6 of the Best Warm Weather Camping Spots
We’ve been trading flip flops for wool socks, and sun hats for beanies lately. But we know that for many people the arrival of cooler temperatures and rainy skies means it’s time to seek out warm weather camping destinations.
The good news is we’ve got lots of options in the U.S. for warm weather camping year-round. So don’t put away those shorts and hiking boots just yet — there are many places where you can soak up the sunshine and camp in a t-shirt well into fall, or even winter.
From some well-known bucket-list destinations to a few lesser-traveled must-sees, here are six of the best campgrounds across the U.S. to extend your summer camping season.
Palo Duro Canyon, Texas
Remote and abundant with colorful, layered red rock formations and pops of edgy green bushes, Palo Duro Canyon State Park is the second largest canyon in the U.S.
This park sits in the Texas panhandle and offers 120 miles of rocky terrain and a plethora of outdoor activities like mountain biking, horseback riding, and bird watching. Nicknamed the Grand Canyon of Texas, it's one of the best warm weather national parks to explore in November and December.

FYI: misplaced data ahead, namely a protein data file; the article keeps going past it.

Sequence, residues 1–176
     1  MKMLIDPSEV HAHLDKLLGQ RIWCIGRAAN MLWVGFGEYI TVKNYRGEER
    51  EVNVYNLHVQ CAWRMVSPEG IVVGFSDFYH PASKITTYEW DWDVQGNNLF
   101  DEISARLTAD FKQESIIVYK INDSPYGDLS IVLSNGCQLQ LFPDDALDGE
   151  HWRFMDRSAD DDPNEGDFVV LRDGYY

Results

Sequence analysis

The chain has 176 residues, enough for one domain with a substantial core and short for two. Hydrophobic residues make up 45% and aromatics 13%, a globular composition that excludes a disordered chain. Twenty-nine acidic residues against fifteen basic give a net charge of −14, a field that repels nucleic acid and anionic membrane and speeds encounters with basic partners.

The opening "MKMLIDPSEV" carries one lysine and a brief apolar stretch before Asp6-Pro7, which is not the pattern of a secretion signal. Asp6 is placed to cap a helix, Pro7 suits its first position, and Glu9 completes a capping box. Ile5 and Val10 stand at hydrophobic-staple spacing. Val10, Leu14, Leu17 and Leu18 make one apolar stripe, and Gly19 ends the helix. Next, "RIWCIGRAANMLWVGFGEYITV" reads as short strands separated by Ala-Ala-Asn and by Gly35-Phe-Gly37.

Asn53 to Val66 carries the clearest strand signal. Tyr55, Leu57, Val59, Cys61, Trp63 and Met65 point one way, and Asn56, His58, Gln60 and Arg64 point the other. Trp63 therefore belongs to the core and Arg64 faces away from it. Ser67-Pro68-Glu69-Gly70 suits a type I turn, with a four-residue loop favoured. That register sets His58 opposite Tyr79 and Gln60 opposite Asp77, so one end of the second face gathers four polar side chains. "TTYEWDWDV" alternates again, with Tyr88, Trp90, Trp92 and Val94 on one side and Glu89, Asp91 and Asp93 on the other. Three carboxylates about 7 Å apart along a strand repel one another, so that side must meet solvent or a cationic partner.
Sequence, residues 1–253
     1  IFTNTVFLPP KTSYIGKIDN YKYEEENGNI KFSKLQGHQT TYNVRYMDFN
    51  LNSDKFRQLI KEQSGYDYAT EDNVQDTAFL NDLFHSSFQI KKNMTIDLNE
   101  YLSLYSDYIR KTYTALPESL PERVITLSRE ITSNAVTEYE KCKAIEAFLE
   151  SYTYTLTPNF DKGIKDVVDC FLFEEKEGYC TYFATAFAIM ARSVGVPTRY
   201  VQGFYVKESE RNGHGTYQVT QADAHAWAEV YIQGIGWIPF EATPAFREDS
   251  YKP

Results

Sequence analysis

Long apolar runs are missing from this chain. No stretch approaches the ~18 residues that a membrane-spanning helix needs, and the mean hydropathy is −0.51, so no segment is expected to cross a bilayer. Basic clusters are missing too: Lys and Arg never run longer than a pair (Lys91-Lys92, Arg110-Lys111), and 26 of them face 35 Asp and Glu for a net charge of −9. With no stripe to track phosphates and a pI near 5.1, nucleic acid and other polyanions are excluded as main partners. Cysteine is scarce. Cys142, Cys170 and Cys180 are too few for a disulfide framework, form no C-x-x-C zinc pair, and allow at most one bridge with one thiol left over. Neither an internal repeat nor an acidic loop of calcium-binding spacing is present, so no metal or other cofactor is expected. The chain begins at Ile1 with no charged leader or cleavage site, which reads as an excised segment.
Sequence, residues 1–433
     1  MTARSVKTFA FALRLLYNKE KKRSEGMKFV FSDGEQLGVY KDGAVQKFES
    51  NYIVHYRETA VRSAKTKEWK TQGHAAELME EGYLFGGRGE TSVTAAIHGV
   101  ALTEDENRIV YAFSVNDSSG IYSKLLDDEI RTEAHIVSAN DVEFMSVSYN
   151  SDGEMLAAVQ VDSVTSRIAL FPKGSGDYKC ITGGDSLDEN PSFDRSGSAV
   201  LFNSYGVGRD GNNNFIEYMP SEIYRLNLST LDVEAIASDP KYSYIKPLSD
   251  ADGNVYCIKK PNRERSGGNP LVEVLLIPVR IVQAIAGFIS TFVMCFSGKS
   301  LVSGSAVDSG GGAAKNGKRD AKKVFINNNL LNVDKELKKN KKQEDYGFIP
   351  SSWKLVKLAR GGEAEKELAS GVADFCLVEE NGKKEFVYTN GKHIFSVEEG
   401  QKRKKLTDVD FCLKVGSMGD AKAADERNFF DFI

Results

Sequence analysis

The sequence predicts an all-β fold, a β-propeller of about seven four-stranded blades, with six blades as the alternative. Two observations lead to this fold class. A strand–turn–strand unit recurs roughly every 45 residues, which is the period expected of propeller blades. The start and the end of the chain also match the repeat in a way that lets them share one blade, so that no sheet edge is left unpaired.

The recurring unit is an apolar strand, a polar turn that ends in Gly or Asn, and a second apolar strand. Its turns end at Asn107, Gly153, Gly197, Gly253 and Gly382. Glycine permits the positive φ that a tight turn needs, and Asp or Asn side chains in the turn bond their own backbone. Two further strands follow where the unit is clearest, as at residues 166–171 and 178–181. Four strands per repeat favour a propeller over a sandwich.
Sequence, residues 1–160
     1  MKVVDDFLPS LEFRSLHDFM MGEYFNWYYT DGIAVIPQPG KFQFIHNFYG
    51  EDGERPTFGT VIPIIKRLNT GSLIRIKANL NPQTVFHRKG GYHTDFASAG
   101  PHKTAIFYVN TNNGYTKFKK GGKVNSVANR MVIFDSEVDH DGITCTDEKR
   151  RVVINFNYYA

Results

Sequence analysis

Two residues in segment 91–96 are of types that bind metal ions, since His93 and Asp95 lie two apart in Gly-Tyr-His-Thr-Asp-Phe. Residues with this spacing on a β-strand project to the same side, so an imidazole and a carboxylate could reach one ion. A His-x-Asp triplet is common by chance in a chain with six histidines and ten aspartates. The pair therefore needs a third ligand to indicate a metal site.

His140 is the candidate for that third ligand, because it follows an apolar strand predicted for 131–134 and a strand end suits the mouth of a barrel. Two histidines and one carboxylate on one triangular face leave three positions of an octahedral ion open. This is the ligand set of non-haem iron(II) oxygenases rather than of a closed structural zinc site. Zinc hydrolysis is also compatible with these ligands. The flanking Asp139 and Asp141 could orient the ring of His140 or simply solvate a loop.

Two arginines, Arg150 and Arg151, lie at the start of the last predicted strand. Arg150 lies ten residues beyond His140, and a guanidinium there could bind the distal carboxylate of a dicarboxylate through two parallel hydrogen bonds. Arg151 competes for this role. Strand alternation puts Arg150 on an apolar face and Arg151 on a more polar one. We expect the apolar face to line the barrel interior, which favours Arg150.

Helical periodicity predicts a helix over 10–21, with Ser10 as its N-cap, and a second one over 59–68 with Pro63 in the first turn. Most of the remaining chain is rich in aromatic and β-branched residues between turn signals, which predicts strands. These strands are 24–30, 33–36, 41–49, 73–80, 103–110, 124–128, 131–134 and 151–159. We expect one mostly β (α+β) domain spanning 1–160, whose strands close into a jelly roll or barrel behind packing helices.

With temperatures in the fall and winter months ranging from the high-80s and dropping down to the mid-50s (plus eight campsites to choose from), Palo Duro Canyon is one of the best camping spots to explore the rugged beauty of the Lone Star State.
Hot Springs National Park, Arkansas
Situated in the Ouachita Mountains of “The Natural State,” Hot Springs National Park is the oldest hot springs park in the country. What used to be the go-to gambling destination before Las Vegas took over the top slot, this ethereal beauty boasts misty, picturesque waterfalls, vibrant green forests, and 47 therapeutic, natural hot springs that make it a magical must-see destination.
For the history buff, there are plenty of museums highlighting the town’s rich history. For thrifty explorers there’s a cute downtown area. For craft beer enthusiasts, there’s a brewery that makes all its beer from thermal spring water. And for outdoor adventurers, there’s a vast hiking, biking, and running trail system.
With temperatures ranging from a perfect mid-80s to the mid-50s in the fall and winter months, this is a must-stop spot for your list.